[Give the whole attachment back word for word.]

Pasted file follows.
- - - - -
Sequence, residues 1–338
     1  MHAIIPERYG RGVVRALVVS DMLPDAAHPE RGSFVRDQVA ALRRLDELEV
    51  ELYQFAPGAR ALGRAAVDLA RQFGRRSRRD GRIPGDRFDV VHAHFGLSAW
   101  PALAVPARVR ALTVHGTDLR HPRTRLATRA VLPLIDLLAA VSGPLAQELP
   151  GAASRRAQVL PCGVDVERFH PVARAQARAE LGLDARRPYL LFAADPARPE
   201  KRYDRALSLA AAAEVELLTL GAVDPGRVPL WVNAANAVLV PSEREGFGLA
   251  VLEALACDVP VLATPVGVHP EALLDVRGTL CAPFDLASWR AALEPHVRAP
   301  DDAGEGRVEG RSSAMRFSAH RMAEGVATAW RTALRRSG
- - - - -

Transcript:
Sequence, residues 1–338
     1  MHAIIPERYG RGVVRALVVS DMLPDAAHPE RGSFVRDQVA ALRRLDELEV
    51  ELYQFAPGAR ALGRAAVDLA RQFGRRSRRD GRIPGDRFDV VHAHFGLSAW
   101  PALAVPARVR ALTVHGTDLR HPRTRLATRA VLPLIDLLAA VSGPLAQELP
   151  GAASRRAQVL PCGVDVERFH PVARAQARAE LGLDARRPYL LFAADPARPE
   201  KRYDRALSLA AAAEVELLTL GAVDPGRVPL WVNAANAVLV PSEREGFGLA
   251  VLEALACDVP VLATPVGVHP EALLDVRGTL CAPFDLASWR AALEPHVRAP
   301  DDAGEGRVEG RSSAMRFSAH RMAEGVATAW RTALRRSG